|Academic Profile |
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Asst Prof Christine Cheung
Nanyang Assistant Professor, Lee Kong Chian School of Medicine
Phone: +65 69047049
Office: EMB 03 01
|Assistant Professor Christine Cheung is a Nanyang Assistant Professor in Lee Kong Chian School of Medicine, Nanyang Technological University, and an awardee of the 2016 Nanyang Assistant Professorship. She received a PhD in Cardiovascular and Stem Cell Medicine from the University of Cambridge, and a BEng (First Class) from Imperial College London. For her pioneering approach to create organ-specific blood vessels, she was recognized with the Young Investigator Prize from the British Society for Cardiovascular Research. Notably, she was named an Honoree of the Ten Outstanding Young Persons of Singapore by Junior Chamber International, as well as the Life Science Fellow for L'Oréal Singapore For Women in Science National Fellowship in 2018. To advance her work, she is an awardee of the prestigious Human Frontier Science Program (HFSP) research grant. She currently serves on the executive committee of Stem Cell Society Singapore.|
|The crux of many diseases lies in the blood vessels. We are finding means to restore blood vessel health before adverse outcomes of diseases occur, with the goal of working towards preventive medicine. Main thrusts of our research include:|
Personalised Vascular Models
Our lab invents methods to convert human stem cells to blood vessel cells, resembling those found in the heart and brain arteries. We also develop blood outgrowth endothelial cells directly from patients with vascular complications. These cellular models recapitulate the phenotypic and molecular changes associated with vascular pathology, opening the door to drug screening and regenerative medicine.
Genetic Basis of Vascular Ageing
Blood vessels in various organs behave differently despite similar genetic and systemic conditions. This may explain why diseases like cerebral amyloid angiopathy and CADASIL uniquely affect the vasculatures of the brain. We aim to understand how certain genetic disorders preferentially inflict vascular beds of specific organs. By employing genome editing tools and cell-based phenotypic assays, we hope to explore pathogenic mechanisms which pave the way for developing vascular-targeted therapies.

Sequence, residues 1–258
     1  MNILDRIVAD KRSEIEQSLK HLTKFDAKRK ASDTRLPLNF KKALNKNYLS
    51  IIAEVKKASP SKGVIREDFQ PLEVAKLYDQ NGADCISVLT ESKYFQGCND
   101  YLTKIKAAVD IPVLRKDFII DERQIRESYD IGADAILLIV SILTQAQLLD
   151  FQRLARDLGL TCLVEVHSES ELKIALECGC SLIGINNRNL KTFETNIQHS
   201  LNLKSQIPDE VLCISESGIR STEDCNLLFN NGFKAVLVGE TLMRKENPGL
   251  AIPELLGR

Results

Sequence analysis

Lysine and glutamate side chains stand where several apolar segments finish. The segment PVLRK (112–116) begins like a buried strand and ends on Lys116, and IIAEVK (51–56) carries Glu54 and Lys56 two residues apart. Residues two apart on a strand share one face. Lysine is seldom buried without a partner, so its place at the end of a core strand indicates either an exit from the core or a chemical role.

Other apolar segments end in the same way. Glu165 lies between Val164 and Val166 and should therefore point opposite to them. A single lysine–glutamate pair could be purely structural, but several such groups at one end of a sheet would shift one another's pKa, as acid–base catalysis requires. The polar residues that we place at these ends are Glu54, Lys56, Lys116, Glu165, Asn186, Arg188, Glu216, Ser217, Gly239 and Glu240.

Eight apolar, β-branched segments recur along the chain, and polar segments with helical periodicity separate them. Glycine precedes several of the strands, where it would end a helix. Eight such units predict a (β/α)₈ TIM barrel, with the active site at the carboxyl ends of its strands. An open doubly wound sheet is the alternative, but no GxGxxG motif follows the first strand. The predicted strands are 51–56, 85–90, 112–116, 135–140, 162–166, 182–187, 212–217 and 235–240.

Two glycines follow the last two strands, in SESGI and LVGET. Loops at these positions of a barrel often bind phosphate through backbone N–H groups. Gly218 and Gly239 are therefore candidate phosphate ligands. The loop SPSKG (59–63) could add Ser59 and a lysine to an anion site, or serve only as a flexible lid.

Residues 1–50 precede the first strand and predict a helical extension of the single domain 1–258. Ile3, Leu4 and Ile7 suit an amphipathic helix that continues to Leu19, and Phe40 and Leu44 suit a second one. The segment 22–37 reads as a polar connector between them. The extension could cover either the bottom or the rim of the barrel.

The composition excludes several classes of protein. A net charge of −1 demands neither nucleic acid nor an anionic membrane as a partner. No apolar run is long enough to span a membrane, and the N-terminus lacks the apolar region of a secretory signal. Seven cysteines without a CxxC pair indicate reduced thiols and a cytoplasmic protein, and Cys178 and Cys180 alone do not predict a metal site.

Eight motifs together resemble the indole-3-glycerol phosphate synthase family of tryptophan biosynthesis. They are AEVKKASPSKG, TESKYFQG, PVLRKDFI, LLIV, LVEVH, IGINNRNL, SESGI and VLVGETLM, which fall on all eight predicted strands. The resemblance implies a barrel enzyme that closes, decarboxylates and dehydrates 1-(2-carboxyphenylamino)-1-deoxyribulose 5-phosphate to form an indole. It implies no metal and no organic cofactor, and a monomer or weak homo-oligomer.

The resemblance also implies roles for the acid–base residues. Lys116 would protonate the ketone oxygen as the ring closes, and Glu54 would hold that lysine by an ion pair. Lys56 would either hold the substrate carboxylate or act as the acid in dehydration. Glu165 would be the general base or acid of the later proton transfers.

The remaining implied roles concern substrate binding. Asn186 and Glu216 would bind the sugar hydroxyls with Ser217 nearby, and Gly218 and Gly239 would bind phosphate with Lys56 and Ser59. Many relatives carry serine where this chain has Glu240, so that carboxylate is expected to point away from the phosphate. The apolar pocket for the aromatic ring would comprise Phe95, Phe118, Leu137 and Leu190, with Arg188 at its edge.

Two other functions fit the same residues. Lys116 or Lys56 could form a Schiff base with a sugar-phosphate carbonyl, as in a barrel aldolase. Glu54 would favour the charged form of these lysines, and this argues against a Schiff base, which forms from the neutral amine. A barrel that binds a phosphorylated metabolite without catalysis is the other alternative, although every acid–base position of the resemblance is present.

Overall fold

Vascular Disease Biomarkers
There remain significant knowledge gaps in the functional interpretation of clinical biomarkers in whether they are causal or a consequence in the disease process. Leveraging on our collaborations with clinicians, we elucidate biomarkers relating to key vascular processes such as blood vessel instability and inflammation. Deep-dive elucidation of such molecular signatures will enable us to unravel implicated pathways, and achieve better diagnostics for early intervention.
- Development of Functional Biomarkers to Inform StrokePrognosis and Vascular Repair Strategy
- Ensemble of Multi-disciplinary Systems and Integrated Omics for NAFLD (EMULSION) diagnostic and therapeutic discovery
- Functional Genetics of Non-Coding Variant rs6903956 in Endothelial Dysfunction
- Provost's Chair in Medicine (Christine Cheung)
- Subtype-Specific Pathways of Neovascularisation in Macular Degeneration
- Kiskin FN, Chang C,… Cheung C, et al. (2018). Contribution of BMPR2 mutations and extrinsic factors in cellular phenotypes of pulmonary arterial hypertension. American Journal of Respiratory and Critical Care Medicine, 198, 271-275.
- Narmada BC, Goh YT, … Cheung C. (2016). Human stem cell-derived endothelial-hepatic platform for efficacy testing of vascular-protective metabolites from nutraceuticals. Stem Cells Translational Medicine, 6, 851-863.
- Cheung C, Bernardo AS, Pedersen RA, et al. (2014). Directed differentiation of embryonic origin-specific vascular smooth muscle subtypes from human pluripotent stem cells. Nature Protocols, 9, 929-938.
- Cheung C, Goh YT, Zhang J, et al. (2014). Modelling cerebrovascular pathophysiology in amyloid-β metabolism using neural crest-derived smooth muscle cells. Cell Reports, 9, 391-401.
- Cheung C, Bernardo AS, Trotter MW, et al. (2012). Generation of human vascular smooth muscle subtypes provides insight into embryological origin-dependent disease susceptibility. Nature Biotechnology, 30(2), 165-73.
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